With masks and rifles, police came to Anatoly Vilitkevich’s door in the early morning and made him pack a bag. He was wanted for religious extremism — as a Jehovah’s Witness.
“Forget it,” they told his wife, Alyona, taking away the couple’s tablet devices, computers and phones. “Go and find a new phone, a new tablet and a new husband.”
Vilitkevich was one of more than 20 members of the US-founded Christian movement detained across Russia in recent months. They risk up to 10 years in jail, Human Rights Watch said.
Various groups have been targeted under a 2016 anti-extremism law. A Russian Supreme Court ruling last year targeted the Jehovah’s Witnesses specifically, ordering their dissolution in Russia.
“Officially, it’s a totalitarian sect of extremists, but in fact, these are people who because of their faith are not susceptible to propaganda,” a man identified as a Russian Federal Security Service officer by Radio Liberty said.
“The system sees them as a threat because they are organized and independent. One day they may seek power,” he told the station in an interview this year.
The Jehovah’s Witnesses said that 22 of their members were in jail in Russia, including a couple detained together on Wednesday last week.
Human Rights Watch said police threatened the Jehovah’s Witnesses in raids, in some cases holding guns to people’s heads.
“We don’t see any reasonable explanation for it,” senior Jehovah’s Witnesses representative Yaroslav Sivulsky said. “But we do not forget the words of Christ: ‘Just as I have been persecuted, so will you be persecuted.’ For us, that explains it.”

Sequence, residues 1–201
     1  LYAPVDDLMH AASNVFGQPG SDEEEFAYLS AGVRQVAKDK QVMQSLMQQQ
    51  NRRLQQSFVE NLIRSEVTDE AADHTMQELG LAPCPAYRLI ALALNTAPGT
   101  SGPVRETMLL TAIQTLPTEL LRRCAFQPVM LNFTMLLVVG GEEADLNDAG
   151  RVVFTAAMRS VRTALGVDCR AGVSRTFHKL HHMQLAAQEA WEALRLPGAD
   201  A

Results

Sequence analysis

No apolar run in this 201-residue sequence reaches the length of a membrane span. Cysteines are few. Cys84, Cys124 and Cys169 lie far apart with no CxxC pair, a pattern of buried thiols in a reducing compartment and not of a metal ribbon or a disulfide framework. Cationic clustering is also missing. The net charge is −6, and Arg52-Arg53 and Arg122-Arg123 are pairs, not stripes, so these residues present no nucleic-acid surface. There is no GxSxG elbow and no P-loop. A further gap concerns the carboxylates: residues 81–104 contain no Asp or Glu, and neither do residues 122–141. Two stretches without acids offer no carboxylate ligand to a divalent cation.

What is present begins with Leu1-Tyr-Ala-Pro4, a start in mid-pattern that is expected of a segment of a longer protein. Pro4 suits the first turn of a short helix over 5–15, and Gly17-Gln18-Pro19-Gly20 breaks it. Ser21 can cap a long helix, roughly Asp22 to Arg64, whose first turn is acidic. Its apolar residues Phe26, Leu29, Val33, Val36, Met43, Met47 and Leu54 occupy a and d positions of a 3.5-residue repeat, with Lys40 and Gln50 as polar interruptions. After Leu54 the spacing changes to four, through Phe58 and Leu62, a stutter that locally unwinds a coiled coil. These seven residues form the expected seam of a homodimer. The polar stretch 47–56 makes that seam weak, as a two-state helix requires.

Alyona Vilitkevich, 35, said investigators classed their Bible readings and prayer groups as “extremist activity.”
“I talk to people as the constitution permits. I share with them what I have gained from the Bible as I think it can help them,” she said by telephone.
Jehovah’s Witnesses are a Christian denomination that originated in the US in the late 19th century. They have spread worldwide, seeking converts and giving out leaflets. They say they number nearly 172,000 in Russia.
“They are close to the people, they preach and promote their religion openly, so that makes for competition and rivalry with the Russian Orthodox Church,” said Maria Kravchenko, an expert at the SOVA Center, a civil research group.
Senior Russian Bishop Hilarion Alfeyev said Jehovah’s Witnesses “destroy people’s minds and destroy families,” but added that the prosecutions were a judicial matter, not a religious one.
“The Church generally does not call for the prosecution of heretics, sectarians or dissidents,” he told television channel Russia 24 in April. “Such a decision is made by the state, not on the basis of any doctrinal guidelines, but because the sect is engaged in extremist activities.”
“Maybe this decision of the Russian authorities to ban all Jehovah’s Witness organizations in Russia could be connected with this recent anti-Western trend,” Kravchenko said.
The Jehovah’s Witnesses say about 200 of their members have fled from Russia to Finland and thousands more to other nations.
Anatoly Vilitkevich, 31, was held for nine days in April and then transferred to house arrest pending trial. He is not allowed to talk to journalists.
His wife, Alyona, said they are appealing his case at the Russian Supreme Court and the European Court of Human Rights.
“I will not renounce my faith. It is my life, my principles,” she said. “I cannot live any other way.”
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